Now, who said, money never grows on trees? Kiss that notion goodbye. Hug, love and preserve a maple tree today. It could be the eco-friendly and renewable Canada savings bond you’ve been seeking for you and your future earthlings. In the interim, visit your local maple sugar bush, stockpile the liquid gold and indulge yourself in these maple syrup recipes. Sweet dreams and Bon Appétit!

Maple Baklava
(Note: have everything ready before you start)
1 1/2 cups pistachios or walnuts, finely chopped
1/4 c sugar
1 tsp cinnamon
¼ tsp ground cloves
1 pkg phyllo dough (in pastry section of frozen foods) thawed
1 c melted butter

2 1/4 c pure maple syrup, heated
¼ cup water
1 ½ tsp lemon juice
1 ½ tsp lemon or orange rind grated
2 tbsp chopped nuts

Combine nuts, sugar, and spices. Brush a 9x13" baking pan with butter. Lay thawed pastry on table or large, work surface. Cover sheets to be worked with a plastic bag and damp towel until you’re ready to use them. Cut all sheets from the pkg in half width wise. Set aside 10 to work with and cover remaining pastry. Brush a sheet of pastry with butter and then layer in pan, do this with 10 sheets. Sprinkle with 1/3 of the nut mixture. Butter and layer 7 more sheets in pan, top with 1/3 nut mixture. Butter and layer 7 more sheets and rest of nuts. Top with 16 more buttered phyllo sheets and brush with remaining butter. Important: With a very sharp, serrated knife, score and cut through the layers of pastry into 1 1/2" squares. (It will crumble to pieces if you cut it after it’s baked.) Bake at 350F for 15 min, then 325F for another 30-35 min, or until a rich golden brown. (Keep an eye on the edges for burning.) During the last 20 minutes of baking, in a saucepan mix together syrup, water, lemon and rind. Bring to a boil, then turn down heat and let simmer for 10-15 min, stirring occasionally. Remove from heat. When baklava is done, immediately pour the very warm syrup mixture evenly overtop. Sprinkle 2 tbsp chopped nuts overtop. Cool in the pan for at least 4 hours and enjoy!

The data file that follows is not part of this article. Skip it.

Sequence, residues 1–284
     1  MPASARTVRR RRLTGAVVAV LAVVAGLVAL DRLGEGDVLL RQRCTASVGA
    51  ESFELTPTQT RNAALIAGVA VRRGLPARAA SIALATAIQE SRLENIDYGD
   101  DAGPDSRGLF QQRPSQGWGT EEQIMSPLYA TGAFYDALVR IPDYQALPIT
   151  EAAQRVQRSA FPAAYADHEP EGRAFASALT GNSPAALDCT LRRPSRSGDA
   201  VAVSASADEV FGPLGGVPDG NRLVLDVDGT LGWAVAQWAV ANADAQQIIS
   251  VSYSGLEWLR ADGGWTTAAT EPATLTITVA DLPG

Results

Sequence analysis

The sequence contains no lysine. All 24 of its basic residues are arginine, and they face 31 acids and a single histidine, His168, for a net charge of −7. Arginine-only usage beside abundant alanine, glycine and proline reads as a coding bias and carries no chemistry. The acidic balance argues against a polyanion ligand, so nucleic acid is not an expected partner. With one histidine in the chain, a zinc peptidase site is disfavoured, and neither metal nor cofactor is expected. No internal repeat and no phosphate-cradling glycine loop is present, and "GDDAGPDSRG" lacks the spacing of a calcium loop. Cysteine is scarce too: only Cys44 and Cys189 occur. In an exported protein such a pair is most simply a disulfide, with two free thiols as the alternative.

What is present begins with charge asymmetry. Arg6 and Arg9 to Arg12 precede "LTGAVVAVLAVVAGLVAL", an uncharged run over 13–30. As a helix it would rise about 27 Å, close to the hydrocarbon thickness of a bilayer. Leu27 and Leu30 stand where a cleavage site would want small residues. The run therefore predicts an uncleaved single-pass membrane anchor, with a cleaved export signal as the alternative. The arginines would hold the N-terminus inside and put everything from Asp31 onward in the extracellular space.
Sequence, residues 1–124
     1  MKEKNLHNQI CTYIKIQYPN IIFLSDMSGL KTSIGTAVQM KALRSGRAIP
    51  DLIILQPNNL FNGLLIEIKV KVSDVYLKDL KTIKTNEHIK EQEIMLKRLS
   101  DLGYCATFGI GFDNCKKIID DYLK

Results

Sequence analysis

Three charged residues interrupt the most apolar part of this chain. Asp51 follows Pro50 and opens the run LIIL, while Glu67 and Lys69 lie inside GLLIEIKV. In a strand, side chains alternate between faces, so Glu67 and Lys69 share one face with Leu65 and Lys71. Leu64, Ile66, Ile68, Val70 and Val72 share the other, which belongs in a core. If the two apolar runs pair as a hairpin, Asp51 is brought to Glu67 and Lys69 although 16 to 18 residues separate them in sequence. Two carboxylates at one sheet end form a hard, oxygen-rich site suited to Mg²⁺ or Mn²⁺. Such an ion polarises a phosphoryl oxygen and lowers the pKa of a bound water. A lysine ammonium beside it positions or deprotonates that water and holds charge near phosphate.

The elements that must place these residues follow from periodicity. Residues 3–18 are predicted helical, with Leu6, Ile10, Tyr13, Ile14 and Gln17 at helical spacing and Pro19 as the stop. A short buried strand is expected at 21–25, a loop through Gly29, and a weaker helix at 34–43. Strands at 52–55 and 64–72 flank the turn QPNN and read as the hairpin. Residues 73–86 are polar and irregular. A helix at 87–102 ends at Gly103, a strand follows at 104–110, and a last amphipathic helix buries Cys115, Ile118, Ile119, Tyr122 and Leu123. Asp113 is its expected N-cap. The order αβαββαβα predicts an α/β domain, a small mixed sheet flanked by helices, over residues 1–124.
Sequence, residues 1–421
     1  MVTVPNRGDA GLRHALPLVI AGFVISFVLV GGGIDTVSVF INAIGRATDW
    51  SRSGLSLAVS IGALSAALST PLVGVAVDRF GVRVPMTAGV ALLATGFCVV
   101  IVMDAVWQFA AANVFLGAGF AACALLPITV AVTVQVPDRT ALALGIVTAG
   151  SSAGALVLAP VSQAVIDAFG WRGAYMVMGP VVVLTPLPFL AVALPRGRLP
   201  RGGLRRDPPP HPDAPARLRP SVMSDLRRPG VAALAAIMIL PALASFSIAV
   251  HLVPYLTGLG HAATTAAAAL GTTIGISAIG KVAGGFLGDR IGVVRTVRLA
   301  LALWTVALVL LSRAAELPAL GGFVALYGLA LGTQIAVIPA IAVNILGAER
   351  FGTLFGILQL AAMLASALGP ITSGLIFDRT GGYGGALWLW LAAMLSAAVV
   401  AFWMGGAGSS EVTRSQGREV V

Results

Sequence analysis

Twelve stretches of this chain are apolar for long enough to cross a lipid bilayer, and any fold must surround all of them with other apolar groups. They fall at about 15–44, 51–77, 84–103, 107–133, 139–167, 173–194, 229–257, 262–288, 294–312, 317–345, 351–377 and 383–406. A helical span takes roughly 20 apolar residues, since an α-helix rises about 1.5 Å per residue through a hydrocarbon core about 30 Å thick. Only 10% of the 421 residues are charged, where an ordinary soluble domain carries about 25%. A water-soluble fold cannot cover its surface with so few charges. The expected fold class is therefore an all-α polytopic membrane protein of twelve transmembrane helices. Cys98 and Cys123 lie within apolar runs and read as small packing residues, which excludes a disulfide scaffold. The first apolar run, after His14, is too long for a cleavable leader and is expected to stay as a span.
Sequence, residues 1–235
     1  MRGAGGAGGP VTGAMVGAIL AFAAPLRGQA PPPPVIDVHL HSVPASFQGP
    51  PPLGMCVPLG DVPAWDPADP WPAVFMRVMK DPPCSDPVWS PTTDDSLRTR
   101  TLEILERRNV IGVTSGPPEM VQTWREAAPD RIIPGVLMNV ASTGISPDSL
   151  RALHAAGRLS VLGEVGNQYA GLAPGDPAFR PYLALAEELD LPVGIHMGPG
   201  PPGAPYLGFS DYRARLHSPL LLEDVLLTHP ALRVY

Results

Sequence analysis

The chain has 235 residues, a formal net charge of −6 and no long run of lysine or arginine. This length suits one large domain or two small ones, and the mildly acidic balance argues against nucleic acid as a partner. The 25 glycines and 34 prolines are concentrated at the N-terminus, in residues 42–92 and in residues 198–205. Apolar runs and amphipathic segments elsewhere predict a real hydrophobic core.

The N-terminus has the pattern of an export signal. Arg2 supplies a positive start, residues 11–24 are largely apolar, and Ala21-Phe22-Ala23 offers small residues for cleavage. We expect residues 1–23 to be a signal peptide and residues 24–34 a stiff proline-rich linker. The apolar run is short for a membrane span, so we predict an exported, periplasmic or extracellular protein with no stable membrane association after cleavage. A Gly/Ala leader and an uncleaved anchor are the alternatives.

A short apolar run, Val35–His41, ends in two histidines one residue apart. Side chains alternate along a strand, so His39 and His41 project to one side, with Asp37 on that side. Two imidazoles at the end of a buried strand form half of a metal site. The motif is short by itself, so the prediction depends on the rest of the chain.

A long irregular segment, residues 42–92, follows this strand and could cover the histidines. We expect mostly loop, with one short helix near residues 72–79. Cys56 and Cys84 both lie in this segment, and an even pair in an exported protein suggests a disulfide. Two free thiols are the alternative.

Maple Dijon Salad Dressing
1 1/2 tbsp olive Oil
1 1/2 tbsp white wine vinegar
1 tbsp Dijon mustard
1 tbsp maple Syrup
Salt and pepper to taste